Note from BW of Brazil: BW of Brazil has long wanted to introduce readers to author Conceição Evaristo, one of the most important black writers in the country. Her name and/or citations from her been featured in a few previous posts, but below is the feature specifically about her. As the blog has shown consistently over the past few years, black women are regularly made invisible or stereotyped in Brazilian society so it should come as no surprise that the average Brazilian has never heard of her or her work. She will surely be featured on the blog again in the future, but for now, here is a brief piece about her by feminist blogger Bárbara Araújo.
Conceição Evaristo: Literature and black consciousness (Conceição Evaristo: literatura e consciência negra)
by Bárbara Araújo
“What I have punctuated is this: it is the right of writing and reading that the people request, that the people demand. It is a right of anyone writing or not according to the cultivated norms of the language. It is a right that people also want to exercise. So Carolina Maria de Jesus had no difficulty in speaking, in asserting itself as a writer (…) And when women of the people like Carolina, like my mother, like me, we incline ourselves to write, I think we’re breaking with the place that is usually reserved to us, right? The black woman, she can sing, she can dance, she can cook, she can become a prostitute, but writing, no, writing is one thing… it is an exercise that the elite believes only it has the right to. (… ) So I like to say this: writing, the exercise of writing, is a right that everyone has. Like the exercise of reading, like the exercise of pleasure, like having a home, like having food (…). The literature made by the people of the people, it breaks with the predetermined place.” – Conceição Evaristo, in an interview conceded on September 30, 2010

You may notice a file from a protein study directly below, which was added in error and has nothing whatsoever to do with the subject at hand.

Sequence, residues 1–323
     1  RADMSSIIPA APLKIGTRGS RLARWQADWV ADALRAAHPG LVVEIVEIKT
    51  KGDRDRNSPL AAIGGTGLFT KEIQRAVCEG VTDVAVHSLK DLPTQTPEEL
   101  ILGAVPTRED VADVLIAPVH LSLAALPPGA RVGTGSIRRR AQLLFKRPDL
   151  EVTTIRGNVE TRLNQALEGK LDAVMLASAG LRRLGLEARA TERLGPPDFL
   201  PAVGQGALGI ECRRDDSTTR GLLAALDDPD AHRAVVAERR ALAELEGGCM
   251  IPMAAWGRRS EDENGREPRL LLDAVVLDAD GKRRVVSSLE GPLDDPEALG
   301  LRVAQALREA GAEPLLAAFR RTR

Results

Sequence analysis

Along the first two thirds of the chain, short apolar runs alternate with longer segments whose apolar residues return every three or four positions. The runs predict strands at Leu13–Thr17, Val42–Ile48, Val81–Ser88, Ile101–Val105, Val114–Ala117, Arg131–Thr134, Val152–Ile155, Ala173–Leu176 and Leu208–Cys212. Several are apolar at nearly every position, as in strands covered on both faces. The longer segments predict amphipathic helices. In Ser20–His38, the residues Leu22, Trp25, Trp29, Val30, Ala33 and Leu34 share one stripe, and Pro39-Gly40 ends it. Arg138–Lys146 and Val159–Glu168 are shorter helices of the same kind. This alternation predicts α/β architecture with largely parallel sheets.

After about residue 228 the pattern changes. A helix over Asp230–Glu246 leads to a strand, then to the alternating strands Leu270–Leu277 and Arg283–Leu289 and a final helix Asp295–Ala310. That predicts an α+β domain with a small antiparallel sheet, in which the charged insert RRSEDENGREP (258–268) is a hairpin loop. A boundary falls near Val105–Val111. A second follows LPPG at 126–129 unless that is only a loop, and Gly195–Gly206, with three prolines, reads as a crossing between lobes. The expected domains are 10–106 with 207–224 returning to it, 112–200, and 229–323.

Conceição Evaristo was born in 1946, in a slum in the city of Belo Horizonte. Daughter of a laundress who, like Carolina Maria de Jesus, kept a diary which recorded the difficulties of the everyday she suffered, Conceição grew up surrounded by words. As she likes to emphasize in her interviews, it does not mean that she lived surrounded by books, but that she drank in the source of the family memory through the stories that the eldest (members of the family) told her.
Having been exposed since childhood to the cruelties of racism, Conceição became a black writer of international renown, besides a militant that acts inside and outside the boundaries of the academia: she possesses a master’s degree in Brazilian Literature from the Pontifícia Universidade Católica (Pontifical Catholic University) of Rio de Janeiro and is currently concluding her doctorate in Comparative Literature at the Universidade Federal Fluminense (Fluminense Federal University). She published her first poem in 1990, in the thirteenth volume of Cadernos Negros (Black Notebooks), edited by the Quilombhoje group of São Paulo. Since then, she has published several poems and short stories in books, plus a collection of poems and two novels.